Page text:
What is CBT ? I think we have to look at it historically, because the cognitive principles are derived from the work of our earlier philosophers such as Socrates and Epitites. Epitites said that 'it is not the things of this world that hurt us, but what we think about them.' Chris Edwards
Cognitive Behavioural Therapy is a series of strategies specifically targeted to an individual's anxiety disorder. These can include cognitive therapy, relaxation, breathing techniques and introceptive exposure.
The following is an interview conducted by Jasmine Arthur Jones with Chris Edwards. Chris is Senior Clinical Psychologist for the South Australian Mental Health Services. Chris specialises in Anxiety Disorders and also runs an Anxiety Disorders and Trauma Clinic. He is also a former Chairman of the Anxiety Disorder Foundation of Australia. He has undertaken research into various aspects of anxiety disorders and ran a Federal Government funded General Practitioner (doctor) training program into the diagnosis and treatment of anxiety disorders.
Jasmine : Do you think that a person with an Anxiety Disorder can recover?
Chris : Treatment outcome studies are showing that recovery is possible. The Cognitive Behaviour Therapy (CBT) studies using the Oxford model, suggest that overall, between 84% and 94% of people taking part in those studies are panic free at the end of treatment and they generally maintain that over the follow up periods.
Jasmine : How long was the last follow up period.
Chris : Varying, I am giving results over a range of studies, there is one and two year follow ups.
Jasmine: That's really good, isn't it.
Chris : That's very good. Now, of course, not everybody is going to be able to go and get a little bit of CBT and get results that quickly, because as we know, panic disorders are caused by a number of different causes and those causes will generally predict the speed with which a person recovers.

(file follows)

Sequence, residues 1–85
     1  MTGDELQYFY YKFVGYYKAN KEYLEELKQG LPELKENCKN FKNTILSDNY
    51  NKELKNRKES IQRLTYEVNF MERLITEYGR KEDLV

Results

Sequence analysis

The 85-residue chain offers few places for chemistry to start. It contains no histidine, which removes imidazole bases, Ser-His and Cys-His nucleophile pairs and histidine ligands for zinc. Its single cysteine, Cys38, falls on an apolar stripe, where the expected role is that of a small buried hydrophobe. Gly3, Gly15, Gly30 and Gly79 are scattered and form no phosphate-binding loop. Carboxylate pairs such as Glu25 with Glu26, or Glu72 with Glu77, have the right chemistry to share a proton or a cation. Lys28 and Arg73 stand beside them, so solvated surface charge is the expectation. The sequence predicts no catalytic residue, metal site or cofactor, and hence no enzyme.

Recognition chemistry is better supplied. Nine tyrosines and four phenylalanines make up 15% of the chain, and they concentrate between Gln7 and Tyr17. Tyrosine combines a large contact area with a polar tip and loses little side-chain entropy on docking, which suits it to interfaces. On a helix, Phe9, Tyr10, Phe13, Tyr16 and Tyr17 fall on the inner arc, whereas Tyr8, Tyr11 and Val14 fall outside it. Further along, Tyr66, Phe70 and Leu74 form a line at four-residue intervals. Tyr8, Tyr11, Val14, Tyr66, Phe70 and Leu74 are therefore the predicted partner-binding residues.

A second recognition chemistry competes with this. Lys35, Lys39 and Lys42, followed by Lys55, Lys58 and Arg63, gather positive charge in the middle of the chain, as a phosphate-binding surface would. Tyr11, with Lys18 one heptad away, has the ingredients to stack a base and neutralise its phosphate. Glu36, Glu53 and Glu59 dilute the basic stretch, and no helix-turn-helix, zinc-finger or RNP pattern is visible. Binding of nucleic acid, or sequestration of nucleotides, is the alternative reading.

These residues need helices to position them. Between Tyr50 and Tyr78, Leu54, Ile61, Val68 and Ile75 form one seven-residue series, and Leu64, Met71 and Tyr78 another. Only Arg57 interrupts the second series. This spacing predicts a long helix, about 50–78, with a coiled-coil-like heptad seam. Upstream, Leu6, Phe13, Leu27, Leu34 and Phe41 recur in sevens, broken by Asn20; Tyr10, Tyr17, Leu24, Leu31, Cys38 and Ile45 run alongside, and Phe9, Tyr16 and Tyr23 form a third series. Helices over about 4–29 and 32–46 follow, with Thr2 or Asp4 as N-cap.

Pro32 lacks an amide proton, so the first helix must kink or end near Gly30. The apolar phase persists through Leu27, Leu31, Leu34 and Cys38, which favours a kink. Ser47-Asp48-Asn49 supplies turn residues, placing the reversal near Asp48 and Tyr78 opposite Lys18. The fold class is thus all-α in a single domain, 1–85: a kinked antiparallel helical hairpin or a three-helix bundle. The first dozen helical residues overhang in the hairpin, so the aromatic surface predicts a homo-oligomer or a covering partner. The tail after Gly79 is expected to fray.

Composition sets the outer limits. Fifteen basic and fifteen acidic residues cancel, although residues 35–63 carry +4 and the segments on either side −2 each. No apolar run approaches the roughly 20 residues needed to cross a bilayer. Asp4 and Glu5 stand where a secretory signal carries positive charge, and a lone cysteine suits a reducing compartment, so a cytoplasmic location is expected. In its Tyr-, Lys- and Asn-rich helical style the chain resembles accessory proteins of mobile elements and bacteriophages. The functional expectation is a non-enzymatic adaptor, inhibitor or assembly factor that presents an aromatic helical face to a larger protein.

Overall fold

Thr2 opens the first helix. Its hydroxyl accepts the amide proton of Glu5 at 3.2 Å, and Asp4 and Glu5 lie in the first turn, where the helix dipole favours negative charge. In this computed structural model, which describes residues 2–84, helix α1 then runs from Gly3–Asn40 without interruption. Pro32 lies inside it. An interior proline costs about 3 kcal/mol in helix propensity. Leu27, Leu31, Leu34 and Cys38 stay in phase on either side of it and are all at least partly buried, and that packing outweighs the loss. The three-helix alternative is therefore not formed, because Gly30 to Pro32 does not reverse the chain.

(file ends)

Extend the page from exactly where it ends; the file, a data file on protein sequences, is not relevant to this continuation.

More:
Jasmine : Can you give us a simple explanation of what CBT is and how that would work for someone with anxiety disorder?
Chris : Lets start off with what CBT is and I think we have to look at it historically because the cognitive principles are derived from the work of our earlier philosophers such as Socrates and Epitites. Epitites said that it is not the things of this world that hurt us, but what we think about them. So it taught us that within regard to a whole range of emotional disorders that our thoughts are very important. And that is regardless of the cause of the disorder, but once you have a disorder your thoughts about the disorder is very important.
In particular, with panic disorder the thoughts are very important. I think if you look at what panic disorder is in terms of cognitive theory, a panic disorder is generally seen as misinterpretation of bodily sensations, that is a catastrophic misinterpretation of bodily sensations. Now, once a person learns to misinterpret these sensations, a pattern tends to be fairly enduring. So the cognitive theory helps a person to assess the evidence which supports or does not support their beliefs about what is happening to them.